In short, poaching is not a priority in an age obsessed with crime statistics and clear-up rate league tables. "They know it is easy again," said PC Davis. "Sometimes you stop them with the back of their car covered in blood, two lurchers in tow and powerful lamps in the boot and they laugh at you because they know that, unless the deer carcasses are there, there is nothing you can do."

Mr McKinlay claims that attacks on deer are so low down the political priority list that they only gain any worth if the poacher's van damages a farmer's gate during a getaway.

Mr McKinlay is passionate about deer. His main motivation, he says, is to combat cruelty. But he admits that local estates may suffer if the new trend continues. Wild deer belong to the owner of the land they graze on, but no landowner, Mr McKinlay insists, gets rich on deer. Like PC Davis and the volunteers, he is not squeamish about legal deer culling - the end, they argue, is swift and necessary - when hunters can pay as much as pounds 800 for the landowner's permission to shoot a selected stag and take its head as a trophy. The price on the stag's head may be all there is to offset the costs of deer management, insists Mr McKinlay. "It is a delicate balancing act. The economic effect of taking big stags' heads could have a catastrophic effect on estates."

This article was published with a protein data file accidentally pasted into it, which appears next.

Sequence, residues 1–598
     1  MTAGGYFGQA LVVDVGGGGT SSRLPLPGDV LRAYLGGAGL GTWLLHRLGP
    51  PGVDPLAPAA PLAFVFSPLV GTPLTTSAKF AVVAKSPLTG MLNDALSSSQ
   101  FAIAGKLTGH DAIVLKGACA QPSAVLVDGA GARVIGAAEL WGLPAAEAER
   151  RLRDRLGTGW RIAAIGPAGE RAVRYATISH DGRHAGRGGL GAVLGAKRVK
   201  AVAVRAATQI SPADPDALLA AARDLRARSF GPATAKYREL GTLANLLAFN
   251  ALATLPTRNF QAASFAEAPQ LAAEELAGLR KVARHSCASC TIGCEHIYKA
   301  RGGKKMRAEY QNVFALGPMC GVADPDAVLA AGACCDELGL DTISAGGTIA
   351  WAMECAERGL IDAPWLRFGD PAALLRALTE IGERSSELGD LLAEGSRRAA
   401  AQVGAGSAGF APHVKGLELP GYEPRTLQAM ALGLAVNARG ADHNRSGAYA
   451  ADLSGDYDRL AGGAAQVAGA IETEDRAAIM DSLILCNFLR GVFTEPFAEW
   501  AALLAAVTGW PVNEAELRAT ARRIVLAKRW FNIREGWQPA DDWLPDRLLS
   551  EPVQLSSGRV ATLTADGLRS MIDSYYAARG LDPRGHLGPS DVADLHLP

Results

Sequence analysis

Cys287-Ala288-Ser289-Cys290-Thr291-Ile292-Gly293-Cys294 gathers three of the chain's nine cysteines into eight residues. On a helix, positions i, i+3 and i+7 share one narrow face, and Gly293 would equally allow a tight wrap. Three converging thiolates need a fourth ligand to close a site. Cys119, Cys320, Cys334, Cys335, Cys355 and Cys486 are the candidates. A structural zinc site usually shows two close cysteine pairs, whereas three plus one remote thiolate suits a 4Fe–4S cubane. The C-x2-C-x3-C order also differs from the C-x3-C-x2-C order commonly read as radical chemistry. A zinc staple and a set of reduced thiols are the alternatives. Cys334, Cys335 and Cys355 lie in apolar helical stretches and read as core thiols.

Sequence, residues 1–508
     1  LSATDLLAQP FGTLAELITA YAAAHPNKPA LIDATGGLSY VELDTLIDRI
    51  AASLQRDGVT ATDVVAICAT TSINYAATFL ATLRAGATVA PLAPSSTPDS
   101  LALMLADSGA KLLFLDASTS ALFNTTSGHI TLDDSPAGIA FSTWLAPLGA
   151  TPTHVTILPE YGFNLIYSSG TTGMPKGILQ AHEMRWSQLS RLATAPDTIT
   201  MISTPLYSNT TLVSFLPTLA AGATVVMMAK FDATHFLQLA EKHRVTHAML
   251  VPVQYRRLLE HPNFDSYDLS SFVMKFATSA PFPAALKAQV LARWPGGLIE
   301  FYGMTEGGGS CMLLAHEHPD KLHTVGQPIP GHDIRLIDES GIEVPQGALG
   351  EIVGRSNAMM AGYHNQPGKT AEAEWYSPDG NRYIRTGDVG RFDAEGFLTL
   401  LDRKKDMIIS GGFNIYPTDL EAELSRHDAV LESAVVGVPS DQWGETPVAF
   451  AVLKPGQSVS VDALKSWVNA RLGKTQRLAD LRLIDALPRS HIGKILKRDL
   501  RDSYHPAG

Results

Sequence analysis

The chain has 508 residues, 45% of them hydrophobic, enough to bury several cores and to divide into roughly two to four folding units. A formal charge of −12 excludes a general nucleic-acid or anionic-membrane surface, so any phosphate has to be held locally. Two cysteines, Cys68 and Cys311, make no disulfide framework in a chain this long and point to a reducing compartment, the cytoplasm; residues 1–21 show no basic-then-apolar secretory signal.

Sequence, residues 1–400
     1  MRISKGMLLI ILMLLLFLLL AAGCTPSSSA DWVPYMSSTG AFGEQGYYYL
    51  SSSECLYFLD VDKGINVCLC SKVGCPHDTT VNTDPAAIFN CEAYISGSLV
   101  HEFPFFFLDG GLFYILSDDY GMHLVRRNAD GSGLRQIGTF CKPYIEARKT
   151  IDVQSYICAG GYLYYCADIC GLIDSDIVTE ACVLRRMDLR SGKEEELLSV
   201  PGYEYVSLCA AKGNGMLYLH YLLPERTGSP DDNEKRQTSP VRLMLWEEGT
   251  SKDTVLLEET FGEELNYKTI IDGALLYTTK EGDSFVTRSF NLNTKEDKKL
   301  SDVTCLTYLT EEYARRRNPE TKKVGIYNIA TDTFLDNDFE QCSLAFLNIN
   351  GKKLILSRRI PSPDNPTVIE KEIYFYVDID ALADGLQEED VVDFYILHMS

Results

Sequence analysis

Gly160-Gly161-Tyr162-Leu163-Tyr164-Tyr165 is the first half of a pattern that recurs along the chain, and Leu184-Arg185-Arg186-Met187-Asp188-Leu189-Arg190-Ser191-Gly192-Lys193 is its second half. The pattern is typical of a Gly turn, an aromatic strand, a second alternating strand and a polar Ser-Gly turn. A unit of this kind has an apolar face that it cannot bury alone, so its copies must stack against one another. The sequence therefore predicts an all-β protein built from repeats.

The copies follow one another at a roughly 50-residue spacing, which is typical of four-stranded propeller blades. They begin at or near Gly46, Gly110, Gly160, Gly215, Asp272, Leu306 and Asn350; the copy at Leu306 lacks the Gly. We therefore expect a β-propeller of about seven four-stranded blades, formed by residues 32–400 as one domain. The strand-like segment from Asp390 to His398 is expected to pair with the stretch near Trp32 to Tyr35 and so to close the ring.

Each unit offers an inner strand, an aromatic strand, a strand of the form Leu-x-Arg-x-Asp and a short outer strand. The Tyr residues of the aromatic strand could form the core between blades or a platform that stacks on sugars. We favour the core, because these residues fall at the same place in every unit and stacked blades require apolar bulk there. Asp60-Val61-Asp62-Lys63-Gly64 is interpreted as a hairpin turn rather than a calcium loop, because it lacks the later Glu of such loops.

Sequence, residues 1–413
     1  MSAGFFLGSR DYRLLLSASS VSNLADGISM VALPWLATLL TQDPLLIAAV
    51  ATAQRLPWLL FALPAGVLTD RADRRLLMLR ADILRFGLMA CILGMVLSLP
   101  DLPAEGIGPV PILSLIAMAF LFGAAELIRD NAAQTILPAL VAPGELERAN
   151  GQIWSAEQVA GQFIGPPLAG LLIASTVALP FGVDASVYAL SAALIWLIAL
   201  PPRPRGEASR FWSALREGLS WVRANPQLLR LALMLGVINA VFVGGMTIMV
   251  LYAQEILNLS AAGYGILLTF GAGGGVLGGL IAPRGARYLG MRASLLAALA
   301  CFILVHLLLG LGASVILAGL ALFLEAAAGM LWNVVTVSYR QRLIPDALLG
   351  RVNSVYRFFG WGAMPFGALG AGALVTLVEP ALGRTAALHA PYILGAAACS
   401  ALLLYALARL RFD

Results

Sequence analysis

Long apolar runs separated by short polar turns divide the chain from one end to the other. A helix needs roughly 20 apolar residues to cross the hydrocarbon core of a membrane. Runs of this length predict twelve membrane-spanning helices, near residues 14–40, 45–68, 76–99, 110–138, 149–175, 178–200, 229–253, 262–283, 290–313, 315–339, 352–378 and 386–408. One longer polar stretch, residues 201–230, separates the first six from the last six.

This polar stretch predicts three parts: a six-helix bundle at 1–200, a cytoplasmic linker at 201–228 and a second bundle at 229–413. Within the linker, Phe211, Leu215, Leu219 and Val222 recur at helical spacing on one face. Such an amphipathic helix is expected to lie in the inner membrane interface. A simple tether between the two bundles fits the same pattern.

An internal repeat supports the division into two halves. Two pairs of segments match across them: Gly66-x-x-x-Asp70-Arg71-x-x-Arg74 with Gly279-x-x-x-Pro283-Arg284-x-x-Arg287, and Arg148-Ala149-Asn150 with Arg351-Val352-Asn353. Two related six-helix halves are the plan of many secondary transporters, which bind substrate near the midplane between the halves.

The police and the night shift volunteers prefer to concentrate on their moral repugnance for the new poachers. "It used to be poachers illegally taking animals," said PC Davis. "Now it's animals illegally taking deer."